Early residents built homes around the falls where the watercourse tumbled more than 50 feet through a narrow gorge. Concentrating on fishing and the movement of freight around the falls, the village grew to about 225 persons in the early 1770s. By the end of the century, the falls and the adjacent village had taken the name of early landowner Colonel Benjamin Bellows, who had settled on the New Hampshire side of the river.
The community put itself on the map when in 1785 Enoch Hale erected the first bridge across the Connecticut—Bellows Falls happened to be at one of the narrowest points along the river. The bridge ensured that stagecoach lines running between Boston and upstate New York passed through the town and spurred its development as a transportation hub. With abundant waterpower available through the river and numerous streams, Bellows Falls soon hosted a handful of grist and saw mills, industries essential to growth. Processed grains and finished wood could be shipped down the river on flat bottom boats and sold in lucrative coastal markets.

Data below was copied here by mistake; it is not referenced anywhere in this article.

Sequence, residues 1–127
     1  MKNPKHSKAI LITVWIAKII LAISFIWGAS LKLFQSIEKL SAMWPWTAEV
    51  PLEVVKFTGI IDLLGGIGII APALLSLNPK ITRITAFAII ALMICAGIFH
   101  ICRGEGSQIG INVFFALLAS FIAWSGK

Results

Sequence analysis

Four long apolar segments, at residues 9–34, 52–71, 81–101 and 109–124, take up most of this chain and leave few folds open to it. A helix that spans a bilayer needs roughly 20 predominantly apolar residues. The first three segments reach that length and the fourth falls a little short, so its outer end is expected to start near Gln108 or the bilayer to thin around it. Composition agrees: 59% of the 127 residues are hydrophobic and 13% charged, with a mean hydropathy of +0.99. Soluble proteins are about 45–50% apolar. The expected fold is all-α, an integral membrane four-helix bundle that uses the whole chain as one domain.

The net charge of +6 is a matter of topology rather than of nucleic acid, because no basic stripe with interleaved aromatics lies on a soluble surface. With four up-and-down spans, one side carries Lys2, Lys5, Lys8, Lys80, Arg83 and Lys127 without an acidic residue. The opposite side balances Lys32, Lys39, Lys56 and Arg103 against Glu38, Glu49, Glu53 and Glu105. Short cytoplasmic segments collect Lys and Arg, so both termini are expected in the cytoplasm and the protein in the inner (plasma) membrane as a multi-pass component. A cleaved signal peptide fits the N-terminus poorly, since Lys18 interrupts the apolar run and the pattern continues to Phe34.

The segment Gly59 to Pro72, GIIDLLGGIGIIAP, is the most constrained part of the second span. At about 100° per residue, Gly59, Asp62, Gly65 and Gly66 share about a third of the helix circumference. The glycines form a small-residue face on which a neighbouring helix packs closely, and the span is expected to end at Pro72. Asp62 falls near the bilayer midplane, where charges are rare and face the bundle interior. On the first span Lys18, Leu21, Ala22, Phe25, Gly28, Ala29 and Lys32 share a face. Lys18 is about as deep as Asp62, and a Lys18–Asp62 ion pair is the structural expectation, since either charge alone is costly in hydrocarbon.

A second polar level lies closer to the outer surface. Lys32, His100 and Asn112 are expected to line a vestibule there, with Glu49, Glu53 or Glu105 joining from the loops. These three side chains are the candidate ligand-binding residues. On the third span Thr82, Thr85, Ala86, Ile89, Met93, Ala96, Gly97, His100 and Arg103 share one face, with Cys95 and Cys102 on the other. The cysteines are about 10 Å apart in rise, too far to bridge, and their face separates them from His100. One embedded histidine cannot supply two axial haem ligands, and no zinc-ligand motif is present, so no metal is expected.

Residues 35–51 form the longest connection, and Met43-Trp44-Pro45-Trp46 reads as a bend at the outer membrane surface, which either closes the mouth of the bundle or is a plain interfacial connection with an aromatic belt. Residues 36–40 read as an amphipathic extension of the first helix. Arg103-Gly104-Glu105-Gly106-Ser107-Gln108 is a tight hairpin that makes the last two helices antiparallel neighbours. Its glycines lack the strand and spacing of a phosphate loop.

Unfortunately, the falls presented a major navigation problem, and goods had to be unloaded at one end, carted to the other, and then reloaded to continue the journey. In 1792, a group of British investors financed the construction of the first canal in the United States as a way to bypass the falls. Completed in 1802, it consisted of eight locks and effectively separated the land at the bend of the river from the rest of the shore. Bordered by the river and canal, this 30 acre parcel became known as the “Island.”
The canal not only provided improved navigation, but also controlled water power for new factories. Over the next few decades, manufacturers producing textiles and paper, among other goods, populated the canal edge. A large hotel called the Island House was built at the center of the Island near the depot. Its luxurious interiors and manicured grounds attracted tourists in search of cool summers and excursions into the White Mountains. In the antebellum period, a large part of the clientele came from the steamy southern states. The falls also challenged daredevils who attempted to survive their descent unscathed.